Photo by Vita Hewitt

Who might you see at the museum?

Most groups who walk through an experience are small groups of 6 or less and can be a mix of folks from anywhere. The space is like a page out of Alice and Wonderland. Those who come, often come with a large amount of curiosity. They want to be surprised and delighted by the environment around them.

My favorite part about hosting our experiences ( not events ) is consistently engaging up close and personal with a diverse demographic of guests and inadvertently learning the pulse of a large cross-section of culture. It’s quite adventurous and enlightening and keeps us aware of how to better entertain and engage with guests at larger events for our clients outside of the house,” says Herrera.

What did I like most about the visit to the museum?

While Herrera and his cohort of artists have shaped an environment which brings out that childlike-wonder in each of us, the way we experience the house will be unique to each group who is guided through it and each person who participates.

It’s more than just a weird art house. Sure, the space is delightful and wacky in some ways. It is also very nurturing and encouraging in other ways. Guides ask you inquiries which prompt you to participate with your own answers. This leads you down a path in which you leave with a better understanding of the people within your group. For me, I left feeling a stronger connection to my friends and we shared things we wouldn’t naturally share otherwise. 

Each story brings you joy and takes you down into a delightfully surprising experience – photo by Vita Hewitt

One of the immersive rooms in the museum – photo by Vita Hewitt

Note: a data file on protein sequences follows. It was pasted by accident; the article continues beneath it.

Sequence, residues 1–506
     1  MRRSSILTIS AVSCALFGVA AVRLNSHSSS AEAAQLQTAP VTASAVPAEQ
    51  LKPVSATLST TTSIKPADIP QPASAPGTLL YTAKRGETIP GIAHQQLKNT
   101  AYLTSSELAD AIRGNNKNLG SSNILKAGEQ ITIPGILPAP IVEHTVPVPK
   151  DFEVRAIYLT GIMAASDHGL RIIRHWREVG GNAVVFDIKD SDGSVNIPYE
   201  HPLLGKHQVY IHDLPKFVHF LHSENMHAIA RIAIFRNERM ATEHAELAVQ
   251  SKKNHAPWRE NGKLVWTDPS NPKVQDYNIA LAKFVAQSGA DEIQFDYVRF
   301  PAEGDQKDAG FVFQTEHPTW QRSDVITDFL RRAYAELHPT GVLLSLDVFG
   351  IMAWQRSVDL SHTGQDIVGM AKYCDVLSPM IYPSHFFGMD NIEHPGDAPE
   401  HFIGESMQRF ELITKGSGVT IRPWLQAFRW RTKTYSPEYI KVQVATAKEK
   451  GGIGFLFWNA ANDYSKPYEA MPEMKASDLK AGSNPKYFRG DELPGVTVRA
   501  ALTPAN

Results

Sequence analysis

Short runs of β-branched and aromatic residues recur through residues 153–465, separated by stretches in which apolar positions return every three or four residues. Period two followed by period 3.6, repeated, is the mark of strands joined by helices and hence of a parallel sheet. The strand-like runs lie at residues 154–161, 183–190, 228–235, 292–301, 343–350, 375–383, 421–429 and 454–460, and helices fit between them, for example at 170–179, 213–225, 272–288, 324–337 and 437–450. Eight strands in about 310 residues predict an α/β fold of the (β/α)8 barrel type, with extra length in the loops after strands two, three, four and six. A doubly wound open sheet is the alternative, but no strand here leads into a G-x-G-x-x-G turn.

How do you find the Gregangelo Museum in San Francisco?

The museum is in the St Francis Wood neighborhood of San Francisco at 225 San Leandro Way. If you do try to find it just know that, when you go past the home or drive by, it’s obvious something is happening in there but you won’t see the most precious details unless you take a tour of the space. Tour information is on their website. 

Find the museum online and In Person Here:

Tour information from their website:
Thursdays through Saturdays
Maximum 6 guests
Length: 90 minutes

Tickets here
Instagram: @gregangelomuseum

NOTE: All photos on this page are by Vita Hewitt

Alex, Stuart, Katy, and Kayla  stand inside the Gregangelo Museum – photo by Vita Hewitt

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Katy Atchison

Katy Atchison

Katy has lived in The Bay Area since the age of 3. While other kids were attending summer camp & soccer practice, she was raised selling wares at craft shows with her working artist parents and spent vacations in a small 1920s Montana log cabin. This has all given her a unique perspective on the ever-changing texture of San Francisco and the Greater Bay Area. Currently a blend of all that is The Bay Area - she's a web designer at a tech-company, artist and DIY teacher.